Erickson v. Lavielle

Annotate this Case

368 N.W.2d 624 (1985)

Marlyn G. ERICKSON, Individually and as Guardian of Brett Christopher Erickson, a minor, Plaintiff and Appellant, v. Ronald LAVIELLE and Jay Sadler, Defendants and Appellees.

No. 14726.

Supreme Court of South Dakota.

Argued March 6, 1985.

Decided May 29, 1985.

*625 Allen G. Nelson of Bangs, McCullen, Butler, Foye & Simmons, Rapid City, for plaintiff and appellant; Joseph M. Butler of Bangs, McCullen, Butler, Foye & Simmons, Rapid City, on brief.

Gene R. Bushnell of Costello, Porter, Hill, Nelson, Heisterkamp & Bushnell, Rapid City, for defendant and appellee Ronald Lavielle; Robert L. Lewis of Costello, Porter, Hill, Nelson, Heisterkamp & Bushnell, Rapid City, on brief.

Franklin J. Wallahan of Wallahan Law Offices, Rapid City, for defendant and appellee Jay Sadler.

MORGAN, Justice.

This appeal is from a personal injury negligence action in which Marlyn G. Erickson (Erickson), individually and as guardian of his minor son, Brett Erickson (Brett), sought damages from the defendants Ronald Lavielle (Lavielle) and Jay Sadler (Sadler) on grounds that they negligently operated and controlled a pontoon motor boat and negligently supervised the minor children on board.[1] The trial court granted the defendants' motions for summary judgment. Plaintiff appeals. We reverse.

In the summer of 1979, the Lavielle, Sadler, Erickson and Gunwall families gathered at the Lavielle/Erickson cabin on Lake Angostura. Gene Farrens, a friend of Lavielle and Erickson, brought a pontoon boat owned by his father's corporation, Ken's Mobil Sales, Inc., to the Lavielle/Erickson cabin. The children of the four families attempted to take the boat out onto the lake by themselves.[2] When some of the parents expressed concern, Sadler and Lavielle hurried to catch the children and joined them for the boat ride.

The pontoon boat was propelled by an outboard motor mounted at the back of the boat. A safety rail enclosed the operator and passenger area of the deck. While some of the other children took turns operating the boat, Brett, his brother Troy, and one of the Sadler children left the area enclosed by the safety rail and sat on the front edge of the deck between the pontoons. Lavielle and Sadler were aware that the three children were sitting on the front of the boat. The three boys sitting on the front of the deck were kicking at the pontoon's wake and Brett reached his legs too far over the edge of the deck in order to get his feet in the water and fell overboard. He was caught in the propeller at the rear of the boat and injured.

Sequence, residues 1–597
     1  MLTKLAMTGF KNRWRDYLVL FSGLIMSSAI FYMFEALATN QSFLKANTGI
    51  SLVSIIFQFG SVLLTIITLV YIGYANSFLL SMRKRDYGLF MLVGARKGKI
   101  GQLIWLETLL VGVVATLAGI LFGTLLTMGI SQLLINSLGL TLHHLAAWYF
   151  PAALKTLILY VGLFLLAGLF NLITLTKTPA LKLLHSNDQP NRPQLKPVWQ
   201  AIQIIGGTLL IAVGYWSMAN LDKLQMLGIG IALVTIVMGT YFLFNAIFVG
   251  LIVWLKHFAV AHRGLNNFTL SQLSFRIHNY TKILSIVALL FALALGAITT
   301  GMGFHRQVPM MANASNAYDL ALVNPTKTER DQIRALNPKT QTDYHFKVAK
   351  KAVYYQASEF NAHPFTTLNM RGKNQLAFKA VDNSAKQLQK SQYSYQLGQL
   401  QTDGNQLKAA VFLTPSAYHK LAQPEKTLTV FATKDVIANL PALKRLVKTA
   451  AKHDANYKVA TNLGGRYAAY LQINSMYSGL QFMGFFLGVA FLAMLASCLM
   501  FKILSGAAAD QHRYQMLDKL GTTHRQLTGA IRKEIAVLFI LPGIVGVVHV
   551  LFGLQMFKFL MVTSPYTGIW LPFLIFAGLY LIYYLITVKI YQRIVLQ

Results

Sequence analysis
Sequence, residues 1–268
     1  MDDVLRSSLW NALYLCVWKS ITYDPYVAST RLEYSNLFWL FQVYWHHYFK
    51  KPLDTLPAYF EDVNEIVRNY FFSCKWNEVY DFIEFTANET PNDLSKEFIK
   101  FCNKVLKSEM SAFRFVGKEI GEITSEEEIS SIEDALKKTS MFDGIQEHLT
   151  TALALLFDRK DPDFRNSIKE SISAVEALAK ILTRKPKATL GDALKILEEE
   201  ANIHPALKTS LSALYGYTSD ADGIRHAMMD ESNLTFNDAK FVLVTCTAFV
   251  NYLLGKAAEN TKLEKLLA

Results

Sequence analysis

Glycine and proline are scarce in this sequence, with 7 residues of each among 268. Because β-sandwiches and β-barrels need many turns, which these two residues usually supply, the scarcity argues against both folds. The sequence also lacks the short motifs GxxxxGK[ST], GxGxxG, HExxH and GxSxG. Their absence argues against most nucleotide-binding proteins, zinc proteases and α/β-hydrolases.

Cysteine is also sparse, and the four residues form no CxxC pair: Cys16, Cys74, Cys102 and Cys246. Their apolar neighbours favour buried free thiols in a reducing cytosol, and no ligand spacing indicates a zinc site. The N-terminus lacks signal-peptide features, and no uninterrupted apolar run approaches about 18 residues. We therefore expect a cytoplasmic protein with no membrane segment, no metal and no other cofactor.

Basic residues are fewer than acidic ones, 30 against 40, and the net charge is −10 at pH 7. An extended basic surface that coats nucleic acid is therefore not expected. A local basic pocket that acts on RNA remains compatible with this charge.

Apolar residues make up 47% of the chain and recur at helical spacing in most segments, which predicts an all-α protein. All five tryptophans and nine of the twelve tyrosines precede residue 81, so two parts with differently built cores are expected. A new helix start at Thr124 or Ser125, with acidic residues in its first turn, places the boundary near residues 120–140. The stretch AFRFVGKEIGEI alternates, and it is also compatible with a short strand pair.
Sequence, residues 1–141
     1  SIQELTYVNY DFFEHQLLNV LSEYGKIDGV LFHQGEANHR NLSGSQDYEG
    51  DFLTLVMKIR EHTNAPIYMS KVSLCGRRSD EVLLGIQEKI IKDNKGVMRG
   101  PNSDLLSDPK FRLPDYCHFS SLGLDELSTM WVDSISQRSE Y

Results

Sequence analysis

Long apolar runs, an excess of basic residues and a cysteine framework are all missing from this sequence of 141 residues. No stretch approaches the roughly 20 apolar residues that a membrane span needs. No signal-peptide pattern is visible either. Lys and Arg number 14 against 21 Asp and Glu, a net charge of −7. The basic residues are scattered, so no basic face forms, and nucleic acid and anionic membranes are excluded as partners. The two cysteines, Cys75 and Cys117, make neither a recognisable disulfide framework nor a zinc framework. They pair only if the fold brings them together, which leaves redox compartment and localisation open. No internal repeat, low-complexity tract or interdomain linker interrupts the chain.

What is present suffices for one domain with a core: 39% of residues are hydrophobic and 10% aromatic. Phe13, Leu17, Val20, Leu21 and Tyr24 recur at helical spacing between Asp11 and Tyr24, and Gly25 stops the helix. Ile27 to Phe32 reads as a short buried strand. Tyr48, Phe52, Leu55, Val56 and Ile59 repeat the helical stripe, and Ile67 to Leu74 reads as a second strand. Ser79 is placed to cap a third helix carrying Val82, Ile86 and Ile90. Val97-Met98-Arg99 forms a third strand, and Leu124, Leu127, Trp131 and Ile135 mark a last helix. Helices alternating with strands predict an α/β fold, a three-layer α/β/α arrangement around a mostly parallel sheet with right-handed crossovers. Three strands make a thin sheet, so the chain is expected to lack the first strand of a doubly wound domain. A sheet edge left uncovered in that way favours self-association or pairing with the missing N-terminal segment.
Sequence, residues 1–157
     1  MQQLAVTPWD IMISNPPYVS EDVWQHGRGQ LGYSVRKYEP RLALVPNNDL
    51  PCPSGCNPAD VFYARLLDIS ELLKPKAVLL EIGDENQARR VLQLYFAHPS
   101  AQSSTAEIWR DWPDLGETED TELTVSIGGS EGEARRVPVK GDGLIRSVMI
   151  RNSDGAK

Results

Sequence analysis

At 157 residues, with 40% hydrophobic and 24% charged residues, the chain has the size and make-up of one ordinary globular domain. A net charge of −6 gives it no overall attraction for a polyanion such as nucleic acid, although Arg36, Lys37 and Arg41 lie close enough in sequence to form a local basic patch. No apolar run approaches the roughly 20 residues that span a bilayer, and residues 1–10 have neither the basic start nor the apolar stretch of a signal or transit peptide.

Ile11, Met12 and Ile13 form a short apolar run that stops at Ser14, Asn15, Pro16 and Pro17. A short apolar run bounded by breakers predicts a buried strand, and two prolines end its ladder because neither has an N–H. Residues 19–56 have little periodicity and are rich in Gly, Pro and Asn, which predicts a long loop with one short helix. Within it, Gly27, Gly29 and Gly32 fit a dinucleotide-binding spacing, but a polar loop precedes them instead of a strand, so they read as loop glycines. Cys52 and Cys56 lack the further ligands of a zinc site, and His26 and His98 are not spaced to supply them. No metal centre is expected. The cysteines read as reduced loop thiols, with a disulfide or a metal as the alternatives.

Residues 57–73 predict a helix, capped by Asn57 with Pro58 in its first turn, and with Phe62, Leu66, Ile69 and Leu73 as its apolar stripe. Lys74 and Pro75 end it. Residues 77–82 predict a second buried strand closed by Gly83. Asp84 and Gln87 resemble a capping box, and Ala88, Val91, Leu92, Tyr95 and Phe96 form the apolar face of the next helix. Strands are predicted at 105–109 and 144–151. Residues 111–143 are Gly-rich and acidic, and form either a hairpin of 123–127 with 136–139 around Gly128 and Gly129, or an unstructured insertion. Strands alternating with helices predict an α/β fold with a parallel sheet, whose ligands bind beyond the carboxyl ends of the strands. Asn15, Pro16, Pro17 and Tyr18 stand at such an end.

The complaint alleges that Lavielle and Sadler had control of the use and operation of the pontoon at the time of the accident and that Brett's injuries were the direct and proximate result of the defendants' negligence and conduct in that they failed to control and operate the pontoon or to supervise and control the children on board.[3] Sadler's answer denies that any careless or negligent acts on his part caused or contributed to the accident. He further denies that he breached any duty owed to Brett. Sadler alleged that Brett's negligence caused or contributed to the boy's injuries. Lavielle's answer alleges that Brett's injuries were proximately *626 caused or contributed to by the boy's own negligence and by his father's negligence.

Sadler moved for summary judgment on grounds that there was no genuine issue of fact as to (1) whether Sadler owed plaintiff Erickson a duty to prevent injury to Brett, (2) whether Sadler assumed a duty to prevent injury to Brett or to decrease the risk of injury to Brett, and (3) whether, in the event Sadler did owe a duty, any negligence on his part was imputed to Brett's parents thereby precluding their claim. Lavielle also moved the court for summary judgment. The trial court heard arguments on the defendants' motions for summary judgment, considered their counsels' briefs, reviewed the file, including discovery depositions, and determined that the defendants were entitled to summary judgment.

In its memorandum decision, which was incorporated in the summary judgment order, the trial court cited Wilson v. Great Northern Railroad Co., 83 S.D. 207, 157 N.W.2d 19 (1968), for this court's statement that negligence actions are not generally suited for summary disposition. We maintained that position in Myers v. Lennox Co-op Assn, 307 N.W.2d 863 (S.D.1981). Summary judgment was granted nevertheless. The trial judge noted that the plaintiff in a negligence action must establish that a duty existed in order to show that a standard of care or conduct was breached. Johnson v. Straight's, Inc., 288 N.W.2d 325 (S.D.1980); Cuppy v. Bunch, 88 S.D. 22, 214 N.W.2d 786 (1974). The trial court quoted Restatement (Second) of Torts § 314 (1965): "The fact that the actor realizes or should realize that action on his part is necessary for another's aid or protection does not of itself impose upon him a duty to take such action." The court summarized its holding on the duty owed as follows: "Simply because Sadler and Lavielle agreed to take the children on a boat ride, periodically told them no horseplay was allowed, and observed the children sitting outside the protective railing does not impose a duty on them." The trial court stated in its decision that Sadler and Lavielle demonstrated that (1) there was no genuine issue as to any material fact, (2) that Sadler and Lavielle owed no duty to Brett, and (3) that they were entitled to judgment as a matter of law. Summary judgment may be granted only where there is no genuine issue of material fact. Myers, supra; Goff v. Wang, 296 N.W.2d 729 (S.D.1980); Wilson, supra. The burden is on the movant to so show. Blumhardt v. Hartung, 283 N.W.2d 229 (S.D. 1979). On review of summary judgment orders, this court must consider the evidence in a light most favorable to the non-moving party, in this case, Erickson. Goff, supra; Blumhardt, supra; Wilson, supra.